Criticizing the Grammy nominations for being out of touch is a take so tired it’s finally old enough to potentially merit a Grammy nomination itself. But, strangely, while the Recording Academy seems to have cobbled together a decent-enough spate of hip-hop nominees, the relevance of the rock acts has somehow regressed even further.
Nowhere is that more evident than in the dearth of attention paid to women in rock and roll. Of the 25 nominations in the major categories of the rock, alternative and metal fields, a grand total of two went to women-led acts, one justifiably recognizing Reba Meyers from metalcore band Code Orange for her blistering vocals on “Forever,” and the other in the form of K. Flay’s best rock song nomination for “Blood In the Cut,” from April’s Every Where Is Some Where. Sure, the latter is a fine song, but it’s the type of heavily produced noir-rock you might expect to hear soundtracking a murder-scene montage during a bland network procedural. Its inclusion here only underlines the glaring absence of so much other, more interesting work.
To be clear, this isn’t to say “This is the year of women in rock,” or any other such reductive take. That women are making most of the best rock music is no longer an anomaly, or a topic worthy of a trend piece; it is simply a fact to be taken for granted and, ideally, never talked about in such terms again. Except, of course, when the standard-bearers of acclaim and recognition fuck up so badly. It amounts to a dereliction of listening duty — not in a political or ally-ship sense, although you could make that argument — but as evidence that you just didn’t do the homework.
It’s not like the dad-rock fetishists of the academy even need to stray too far outside of their comfort zone to find worthy contenders. Toronto act Alvvays, whose 2014 debut was so stunning it should still be winning Grammys, released a similarly swooning and expertly crafted collection of NPR-core dream-indie in the form of September’s Antisocialites. That album’s highpoint, “In Undertow,” was one of the saddest and catchiest songs of the year in any genre.
Elsewhere, women-fronted acts like Diet Cig, Charly Bliss, Cherry Glazerr, Adult Mom, Soccer Mommy and Daddy Issues all released music that trades in a fuzzier, ‘90s-gaze style, which should be comforting to the academy. After all, that’s when more than a few of the bands they did actually nominate — like Foo Fighters and Metallica — were last making genuinely compelling music.
Of course, some of the dudes represented in the 2018 nominations did put out some quality music. The War On Drugs’ A Deeper Understanding is a contrast of vocal restraint and well-arranged melodies, and “Go to War,” by San Antonio act Nothing More, is rousing and defiant in the mold of previous Grammy favorites Imagine Dragons. But that over-sized, man-feelings bombast still somehow seems smaller than the work of Pennsylvania’s Petal, who recently released an EP called Comfort that makes for a shattering dark night of the soul.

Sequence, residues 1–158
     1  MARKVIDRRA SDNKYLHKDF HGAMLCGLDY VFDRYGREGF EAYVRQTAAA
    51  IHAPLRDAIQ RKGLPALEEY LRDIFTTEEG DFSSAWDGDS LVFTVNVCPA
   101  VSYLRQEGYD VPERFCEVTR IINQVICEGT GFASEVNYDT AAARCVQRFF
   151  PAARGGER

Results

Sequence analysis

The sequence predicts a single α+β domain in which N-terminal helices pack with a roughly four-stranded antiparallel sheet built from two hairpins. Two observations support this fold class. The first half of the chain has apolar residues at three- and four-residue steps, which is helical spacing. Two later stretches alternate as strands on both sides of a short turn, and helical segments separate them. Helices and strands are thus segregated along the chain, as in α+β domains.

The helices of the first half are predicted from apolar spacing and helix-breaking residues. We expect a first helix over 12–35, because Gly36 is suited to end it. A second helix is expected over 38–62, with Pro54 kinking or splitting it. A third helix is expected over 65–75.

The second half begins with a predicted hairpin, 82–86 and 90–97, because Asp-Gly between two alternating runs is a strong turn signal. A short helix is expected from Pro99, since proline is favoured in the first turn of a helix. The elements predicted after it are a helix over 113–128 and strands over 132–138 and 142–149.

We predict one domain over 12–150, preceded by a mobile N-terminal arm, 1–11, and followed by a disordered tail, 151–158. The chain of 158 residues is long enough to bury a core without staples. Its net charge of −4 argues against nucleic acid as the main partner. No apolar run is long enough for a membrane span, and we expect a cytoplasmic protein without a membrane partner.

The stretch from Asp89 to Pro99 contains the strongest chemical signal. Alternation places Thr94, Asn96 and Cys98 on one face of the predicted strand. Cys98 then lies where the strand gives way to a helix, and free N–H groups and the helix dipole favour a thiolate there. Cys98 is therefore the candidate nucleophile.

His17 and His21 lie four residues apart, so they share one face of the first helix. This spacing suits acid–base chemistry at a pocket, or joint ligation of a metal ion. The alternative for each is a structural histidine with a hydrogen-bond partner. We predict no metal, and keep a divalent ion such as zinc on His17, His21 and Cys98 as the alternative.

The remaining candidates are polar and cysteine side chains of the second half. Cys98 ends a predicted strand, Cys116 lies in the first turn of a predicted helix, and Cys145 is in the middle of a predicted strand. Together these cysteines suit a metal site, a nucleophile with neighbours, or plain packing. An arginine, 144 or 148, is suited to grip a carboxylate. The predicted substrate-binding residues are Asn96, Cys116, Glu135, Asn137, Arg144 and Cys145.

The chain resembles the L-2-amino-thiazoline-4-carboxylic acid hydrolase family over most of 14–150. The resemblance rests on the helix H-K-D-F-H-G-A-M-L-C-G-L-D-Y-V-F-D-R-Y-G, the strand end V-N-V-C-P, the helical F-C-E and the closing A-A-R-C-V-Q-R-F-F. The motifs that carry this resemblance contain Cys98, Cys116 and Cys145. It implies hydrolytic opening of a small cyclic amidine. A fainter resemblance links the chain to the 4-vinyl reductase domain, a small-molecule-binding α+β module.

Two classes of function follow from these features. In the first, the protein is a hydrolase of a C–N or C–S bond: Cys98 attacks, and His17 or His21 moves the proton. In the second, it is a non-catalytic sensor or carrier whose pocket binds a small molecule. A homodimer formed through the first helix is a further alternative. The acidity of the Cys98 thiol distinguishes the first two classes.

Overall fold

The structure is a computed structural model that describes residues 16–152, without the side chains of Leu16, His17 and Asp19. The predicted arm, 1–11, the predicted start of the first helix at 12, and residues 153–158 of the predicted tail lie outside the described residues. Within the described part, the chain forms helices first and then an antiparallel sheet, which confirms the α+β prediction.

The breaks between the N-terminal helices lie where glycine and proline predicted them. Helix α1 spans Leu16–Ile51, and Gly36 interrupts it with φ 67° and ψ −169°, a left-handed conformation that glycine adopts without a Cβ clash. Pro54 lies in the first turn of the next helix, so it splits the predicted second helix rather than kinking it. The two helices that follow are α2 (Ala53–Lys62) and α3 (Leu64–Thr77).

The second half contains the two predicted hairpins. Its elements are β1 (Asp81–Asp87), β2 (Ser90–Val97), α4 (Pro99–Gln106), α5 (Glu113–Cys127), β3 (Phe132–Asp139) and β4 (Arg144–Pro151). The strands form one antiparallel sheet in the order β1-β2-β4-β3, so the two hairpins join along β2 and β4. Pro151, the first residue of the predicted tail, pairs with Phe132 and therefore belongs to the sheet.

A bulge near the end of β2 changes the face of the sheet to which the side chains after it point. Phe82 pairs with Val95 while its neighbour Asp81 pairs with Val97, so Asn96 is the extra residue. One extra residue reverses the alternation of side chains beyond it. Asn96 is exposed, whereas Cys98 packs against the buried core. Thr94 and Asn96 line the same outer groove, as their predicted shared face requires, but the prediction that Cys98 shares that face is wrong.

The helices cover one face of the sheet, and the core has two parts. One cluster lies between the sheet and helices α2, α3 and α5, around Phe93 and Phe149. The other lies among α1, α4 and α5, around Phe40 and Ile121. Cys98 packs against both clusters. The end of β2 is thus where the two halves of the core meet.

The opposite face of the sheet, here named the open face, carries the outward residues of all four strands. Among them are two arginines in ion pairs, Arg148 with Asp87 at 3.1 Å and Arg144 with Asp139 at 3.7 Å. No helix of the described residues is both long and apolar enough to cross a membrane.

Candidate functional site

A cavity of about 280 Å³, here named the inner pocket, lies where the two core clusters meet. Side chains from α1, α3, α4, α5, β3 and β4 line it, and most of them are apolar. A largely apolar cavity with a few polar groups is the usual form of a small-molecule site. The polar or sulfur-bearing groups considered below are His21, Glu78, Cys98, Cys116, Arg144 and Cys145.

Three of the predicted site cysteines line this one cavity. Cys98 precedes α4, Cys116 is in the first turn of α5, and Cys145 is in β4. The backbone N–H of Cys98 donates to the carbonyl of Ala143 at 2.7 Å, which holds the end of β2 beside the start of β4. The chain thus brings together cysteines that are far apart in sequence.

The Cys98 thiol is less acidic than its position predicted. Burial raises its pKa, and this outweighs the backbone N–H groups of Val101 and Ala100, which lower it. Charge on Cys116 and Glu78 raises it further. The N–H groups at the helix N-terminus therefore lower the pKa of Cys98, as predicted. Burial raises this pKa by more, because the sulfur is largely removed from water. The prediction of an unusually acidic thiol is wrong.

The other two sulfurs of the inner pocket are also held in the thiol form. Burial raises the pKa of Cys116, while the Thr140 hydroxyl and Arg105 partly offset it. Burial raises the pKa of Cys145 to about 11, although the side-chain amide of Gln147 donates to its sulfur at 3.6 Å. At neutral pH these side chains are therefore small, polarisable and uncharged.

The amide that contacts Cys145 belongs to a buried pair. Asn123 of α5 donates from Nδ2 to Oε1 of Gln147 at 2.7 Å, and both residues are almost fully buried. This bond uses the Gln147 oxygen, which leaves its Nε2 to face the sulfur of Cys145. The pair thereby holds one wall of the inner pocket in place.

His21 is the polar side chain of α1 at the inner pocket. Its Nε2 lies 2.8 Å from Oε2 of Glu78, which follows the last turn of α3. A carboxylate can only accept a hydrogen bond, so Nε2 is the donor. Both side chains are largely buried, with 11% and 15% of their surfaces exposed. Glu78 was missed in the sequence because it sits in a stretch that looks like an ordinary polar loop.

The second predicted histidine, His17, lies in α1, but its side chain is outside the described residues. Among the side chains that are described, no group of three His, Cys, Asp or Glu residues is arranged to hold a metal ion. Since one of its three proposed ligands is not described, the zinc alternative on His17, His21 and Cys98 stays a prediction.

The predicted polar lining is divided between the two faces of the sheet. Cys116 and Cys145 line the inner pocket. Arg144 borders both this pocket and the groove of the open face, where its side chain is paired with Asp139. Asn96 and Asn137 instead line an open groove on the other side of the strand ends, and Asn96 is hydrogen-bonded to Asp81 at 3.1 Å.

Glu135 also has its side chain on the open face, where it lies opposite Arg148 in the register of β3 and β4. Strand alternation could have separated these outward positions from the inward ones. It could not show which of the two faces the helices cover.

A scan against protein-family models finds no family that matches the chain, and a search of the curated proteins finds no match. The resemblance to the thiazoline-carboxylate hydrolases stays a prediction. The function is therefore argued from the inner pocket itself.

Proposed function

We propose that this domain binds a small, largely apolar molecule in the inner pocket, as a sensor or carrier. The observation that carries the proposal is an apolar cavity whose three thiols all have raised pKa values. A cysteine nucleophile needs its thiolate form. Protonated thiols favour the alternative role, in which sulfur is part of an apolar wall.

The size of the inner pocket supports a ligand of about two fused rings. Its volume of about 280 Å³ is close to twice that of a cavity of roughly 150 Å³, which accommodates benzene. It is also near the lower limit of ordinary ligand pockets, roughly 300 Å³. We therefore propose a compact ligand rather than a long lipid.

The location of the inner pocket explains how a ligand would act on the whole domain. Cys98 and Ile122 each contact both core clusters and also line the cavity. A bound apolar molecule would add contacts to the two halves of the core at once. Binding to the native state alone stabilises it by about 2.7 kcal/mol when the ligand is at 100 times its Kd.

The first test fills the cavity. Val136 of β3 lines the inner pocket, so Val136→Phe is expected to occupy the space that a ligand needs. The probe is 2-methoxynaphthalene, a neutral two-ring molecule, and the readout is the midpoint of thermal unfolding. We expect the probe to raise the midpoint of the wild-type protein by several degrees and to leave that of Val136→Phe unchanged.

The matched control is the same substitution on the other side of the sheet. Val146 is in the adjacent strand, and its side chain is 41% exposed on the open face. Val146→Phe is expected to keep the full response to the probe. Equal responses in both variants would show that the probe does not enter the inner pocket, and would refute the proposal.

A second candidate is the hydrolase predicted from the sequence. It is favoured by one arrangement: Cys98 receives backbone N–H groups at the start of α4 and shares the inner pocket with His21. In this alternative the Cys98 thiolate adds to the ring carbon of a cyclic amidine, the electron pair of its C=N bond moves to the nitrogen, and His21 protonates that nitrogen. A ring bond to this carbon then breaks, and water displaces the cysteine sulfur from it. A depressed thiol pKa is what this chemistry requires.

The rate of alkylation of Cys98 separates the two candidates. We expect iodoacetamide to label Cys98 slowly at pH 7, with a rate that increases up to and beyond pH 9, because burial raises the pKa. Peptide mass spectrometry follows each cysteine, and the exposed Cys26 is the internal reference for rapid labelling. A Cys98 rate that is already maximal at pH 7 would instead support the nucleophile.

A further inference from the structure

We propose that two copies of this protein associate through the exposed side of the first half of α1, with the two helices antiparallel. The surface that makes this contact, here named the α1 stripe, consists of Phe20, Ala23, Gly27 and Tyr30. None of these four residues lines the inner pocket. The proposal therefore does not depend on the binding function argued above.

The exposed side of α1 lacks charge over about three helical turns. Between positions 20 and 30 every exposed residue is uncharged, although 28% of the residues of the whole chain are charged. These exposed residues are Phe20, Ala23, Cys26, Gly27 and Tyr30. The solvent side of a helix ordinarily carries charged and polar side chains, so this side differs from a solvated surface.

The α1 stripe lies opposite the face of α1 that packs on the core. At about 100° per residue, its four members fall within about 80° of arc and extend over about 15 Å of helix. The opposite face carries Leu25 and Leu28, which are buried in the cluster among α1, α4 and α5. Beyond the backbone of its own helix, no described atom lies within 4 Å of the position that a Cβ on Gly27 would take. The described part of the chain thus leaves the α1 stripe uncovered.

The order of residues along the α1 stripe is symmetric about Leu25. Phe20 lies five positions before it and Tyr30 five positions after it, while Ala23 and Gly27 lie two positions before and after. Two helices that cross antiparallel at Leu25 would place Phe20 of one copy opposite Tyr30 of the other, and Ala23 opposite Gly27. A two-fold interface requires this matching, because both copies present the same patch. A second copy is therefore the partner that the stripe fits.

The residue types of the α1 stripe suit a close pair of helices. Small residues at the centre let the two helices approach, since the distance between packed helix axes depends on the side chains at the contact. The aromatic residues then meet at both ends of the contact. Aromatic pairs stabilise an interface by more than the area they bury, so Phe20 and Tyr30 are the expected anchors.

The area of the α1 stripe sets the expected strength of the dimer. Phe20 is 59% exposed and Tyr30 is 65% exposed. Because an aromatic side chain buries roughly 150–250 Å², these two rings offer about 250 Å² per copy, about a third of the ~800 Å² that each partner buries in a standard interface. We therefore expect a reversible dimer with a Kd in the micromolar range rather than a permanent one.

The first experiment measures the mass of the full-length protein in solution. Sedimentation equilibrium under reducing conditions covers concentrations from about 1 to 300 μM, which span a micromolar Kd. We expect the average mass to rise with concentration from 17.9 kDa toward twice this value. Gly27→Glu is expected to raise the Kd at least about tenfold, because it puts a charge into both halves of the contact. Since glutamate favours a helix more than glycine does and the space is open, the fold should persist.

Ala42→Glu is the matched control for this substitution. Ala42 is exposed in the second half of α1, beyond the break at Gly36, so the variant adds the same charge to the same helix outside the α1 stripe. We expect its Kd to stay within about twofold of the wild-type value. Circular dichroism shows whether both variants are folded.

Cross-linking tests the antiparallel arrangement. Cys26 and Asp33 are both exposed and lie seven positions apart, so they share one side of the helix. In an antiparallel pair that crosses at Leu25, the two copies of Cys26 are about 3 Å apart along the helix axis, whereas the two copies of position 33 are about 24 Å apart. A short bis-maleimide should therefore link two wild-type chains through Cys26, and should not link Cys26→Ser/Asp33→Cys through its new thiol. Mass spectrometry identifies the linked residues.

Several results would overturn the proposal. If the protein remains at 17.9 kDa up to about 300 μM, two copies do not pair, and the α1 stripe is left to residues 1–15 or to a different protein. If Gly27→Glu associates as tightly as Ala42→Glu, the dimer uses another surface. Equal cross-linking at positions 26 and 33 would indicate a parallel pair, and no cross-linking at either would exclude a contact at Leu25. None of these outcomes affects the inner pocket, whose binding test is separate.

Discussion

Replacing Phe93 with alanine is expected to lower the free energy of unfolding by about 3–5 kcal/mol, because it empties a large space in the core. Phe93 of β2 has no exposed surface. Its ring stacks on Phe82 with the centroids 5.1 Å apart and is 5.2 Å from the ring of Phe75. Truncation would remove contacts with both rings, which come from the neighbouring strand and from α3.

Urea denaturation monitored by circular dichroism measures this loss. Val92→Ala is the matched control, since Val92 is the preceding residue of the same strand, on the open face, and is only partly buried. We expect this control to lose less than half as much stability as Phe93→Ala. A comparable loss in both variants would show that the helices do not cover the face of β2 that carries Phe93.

Stretching a little further back for inspiration, bands with more of a sense of gloomy propulsion, like Sweden’s Makthaverskan and London’s Desperate Journalist, were something like women-led reincarnations of Joy Division and The Smiths. Although, come to think of it, neither of those acts ever got much awards-season love, either.
The list goes on and on. Indie-emo favorites Camp Cope and Cayetana released a split seven-inch that was by turns introspective and raw, blissfully danceable and full of youthful abandon. Crossover emo stalwarts Tigers Jaw released their most distinctive and fully realized work to date in May’s Spin, with songwriting contributions from co-lead Brianna Collins stealing the show. Allison Crutchfield, Chastity Belt, Palehound and Football, Etc. were all similarly well received by critics throughout the year.
All of this isn’t to say that I actually would ever expect the Grammys to only recognize bands that are largely unknown outside of the DIY and punk scenes. I’m not naive. But a band like, say, Paramore isn’t exactly obscure. They’re a modern-rock staple at this point, are plenty popular and released an eligible album with May’s After Laughter. They really couldn’t have secured one of the slots reserved for veteran acts?
This is a year when it’s become abundantly clear that it’s important to believe women. A small but nonetheless necessary step in that direction might be to start listening to them.
Correction: Nov. 28, 2017